background preloader

COMPLETE COLLECTION OF POEMS BY RUDYARD KIPLING

COMPLETE COLLECTION OF POEMS BY RUDYARD KIPLING
Kipling gained renown throughout the world as a poet and storyteller. He was also known as a leading supporter of the British Empire. As apparent from his stories and poems, Kipling interested himself in the romance and adventure which he found in Great Britain's colonial expansion. Kipling was born on Dec.30, 1865, in Bombay, where his father directed an art school. He learned Hindi from his nurse, and he also learned stories of jungle animals. At six, he was sent to school in England, but until he was 12, poor health kept him from attending. In 1889, Kipling return to England. Kipling composed many of his poems while living for several years in the United States in the mid-1890s. In 1896, Kipling returned to England from the United States. In 1900, Kipling went to South Africa to report the Boer War for an English newspaper. Before World War I, Kipling became active in politics. he widely lectured and wrote for the British cause both before and during the war.

100 Exquisite Adjectives By Mark Nichol Adjectives — descriptive words that modify nouns — often come under fire for their cluttering quality, but often it’s quality, not quantity, that is the issue. Plenty of tired adjectives are available to spoil a good sentence, but when you find just the right word for the job, enrichment ensues. Practice precision when you select words. Subscribe to Receive our Articles and Exercises via Email You will improve your English in only 5 minutes per day, guaranteed! 21 Responses to “100 Exquisite Adjectives” Rebecca Fantastic list! Poetry as a Vehicle for Social Change Skip to main content Login/Join You are here Home » Resources social justice, digital poetry, poetry, social change Resource Poetry as a Vehicle for Social Change Poetry as a vehicle for social change is a collection of lessons and poetry that has been used in middle and high school classes in Central Texas. Additionally, in the following pages of the resource, I've included student examples of this work. Related External links Social Action Collective Next Log in or register to post comments 0 Posted by Jennifer Woollven on Jul 23 2011 Browse this Resource Bookmark this page Jump to Comments Share post ShareThis Copy and Paste

Creative Writing For Dummies Cheat Sheet Rewriting and editing helps to tighten up your work. But it can be difficult – what to chop and when to stop may not be clear, and you may change your mind more than once during the process. Ask yourself whether you need to take out: Unnecessary information and explanation. Passages of dialogue that go on too long. You may need to add or expand: Something you know but have forgotten to tell the reader; perhaps the age of the main character. You may need to move: Dramatic sections to make a stronger opening. In your final edit: Check for grammar, punctuation and spelling mistakes. Electronic Poetry Portal For Better for Verse accent: emphasis given a syllable in ordinary usage, as provided by a pronouncing dictionary. See also stress. accentual-syllabic: the prosodic mode that dominated English-language poetry 1400-1900, and that this tutorial exclusively addresses. acephalous line: a “headless” line in iambic or anapestic meter, which omits (a) slack syllable(s) from the first foot. alexandrine: iambic hexameter line, usually with a strong midpoint caesura; most familiar in Romance-language poetry but not rare in English. alliteration: repetition of the same initial sound in nearby words. anapest: metrical foot consisting of two slacks and a stress: υ υ / anaphora: repetition of a word or phrase in initial position. assonance: harmonious repetition of the same vowel sound in nearby words. ballad meter: quatrain in alternating iambic tetrameter and trimeter lines rhyming abxb, traditionally used in folk narrative and during modern times adapted to lyric poetry. blank verse: unrhymed iambic pentameter. caesura: consonance:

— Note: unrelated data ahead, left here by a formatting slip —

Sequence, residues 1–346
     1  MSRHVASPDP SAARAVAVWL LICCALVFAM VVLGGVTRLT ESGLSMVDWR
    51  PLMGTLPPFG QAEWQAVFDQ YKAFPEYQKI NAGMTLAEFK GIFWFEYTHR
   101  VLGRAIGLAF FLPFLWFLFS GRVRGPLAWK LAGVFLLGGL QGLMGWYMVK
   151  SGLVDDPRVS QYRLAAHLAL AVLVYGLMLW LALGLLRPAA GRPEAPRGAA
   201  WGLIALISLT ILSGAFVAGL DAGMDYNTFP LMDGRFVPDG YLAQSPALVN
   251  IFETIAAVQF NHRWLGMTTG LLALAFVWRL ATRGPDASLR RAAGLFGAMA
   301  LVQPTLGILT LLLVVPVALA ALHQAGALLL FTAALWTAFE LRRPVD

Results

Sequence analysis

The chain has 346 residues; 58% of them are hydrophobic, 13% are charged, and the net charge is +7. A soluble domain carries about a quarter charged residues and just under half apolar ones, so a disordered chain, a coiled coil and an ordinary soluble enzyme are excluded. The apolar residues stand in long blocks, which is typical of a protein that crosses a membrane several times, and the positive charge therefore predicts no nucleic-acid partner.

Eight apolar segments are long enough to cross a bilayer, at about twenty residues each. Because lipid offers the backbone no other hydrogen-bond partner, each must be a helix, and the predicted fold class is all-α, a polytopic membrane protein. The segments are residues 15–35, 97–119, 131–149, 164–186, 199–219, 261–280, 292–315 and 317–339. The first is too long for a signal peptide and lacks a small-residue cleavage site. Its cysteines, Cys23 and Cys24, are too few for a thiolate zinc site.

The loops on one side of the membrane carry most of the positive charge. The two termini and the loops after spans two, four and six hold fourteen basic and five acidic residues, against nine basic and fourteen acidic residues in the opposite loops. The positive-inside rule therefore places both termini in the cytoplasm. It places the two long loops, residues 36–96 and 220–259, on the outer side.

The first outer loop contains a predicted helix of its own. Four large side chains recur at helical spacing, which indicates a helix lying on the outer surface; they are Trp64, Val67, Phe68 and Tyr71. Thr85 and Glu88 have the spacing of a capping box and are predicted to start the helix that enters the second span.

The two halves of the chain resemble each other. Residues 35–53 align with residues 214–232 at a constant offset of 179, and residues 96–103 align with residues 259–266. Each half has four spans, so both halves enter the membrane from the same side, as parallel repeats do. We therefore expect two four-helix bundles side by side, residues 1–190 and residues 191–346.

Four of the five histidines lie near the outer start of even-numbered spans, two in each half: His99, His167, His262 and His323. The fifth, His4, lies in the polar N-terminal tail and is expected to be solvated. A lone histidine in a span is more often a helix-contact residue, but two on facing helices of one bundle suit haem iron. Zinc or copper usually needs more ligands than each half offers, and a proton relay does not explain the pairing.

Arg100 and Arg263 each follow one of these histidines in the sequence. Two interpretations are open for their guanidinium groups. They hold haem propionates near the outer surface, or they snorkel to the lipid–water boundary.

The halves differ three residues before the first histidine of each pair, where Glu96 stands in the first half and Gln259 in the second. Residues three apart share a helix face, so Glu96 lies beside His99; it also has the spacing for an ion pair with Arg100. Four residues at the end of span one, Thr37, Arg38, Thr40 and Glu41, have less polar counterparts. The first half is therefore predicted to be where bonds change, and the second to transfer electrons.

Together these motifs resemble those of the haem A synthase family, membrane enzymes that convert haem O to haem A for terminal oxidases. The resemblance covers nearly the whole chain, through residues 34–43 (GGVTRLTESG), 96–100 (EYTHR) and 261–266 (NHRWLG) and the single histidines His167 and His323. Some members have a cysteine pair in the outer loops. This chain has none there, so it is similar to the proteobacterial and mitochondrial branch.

Haiku Traffic Signs Bring Poetry To NYC Streets If you're walking or biking around New York City this weekend you might look up at a busy intersection and see signs like these: John Morse/NYC DOT Traffic warning street signs written as haiku are appearing on poles around the five boroughs, posted by the New York City Department of Transportation. "Poetry has a lot of power," Morse tells NPR's Scott Simon. Take, for example, these signs that urge pedestrians, drivers and bikers to walk, drive and ride responsibly: Accidents aren't funny, but Morse's artful treatment gets a serious message across in a powerful way. The bold colors and clever words take signs that would otherwise fade into the background into the forefront. "There's a lot of visual clutter ... all around us," Morse says. Morse says one delightful and unexpected consequence of the project is that it has brought some haiku poets out of the woodwork.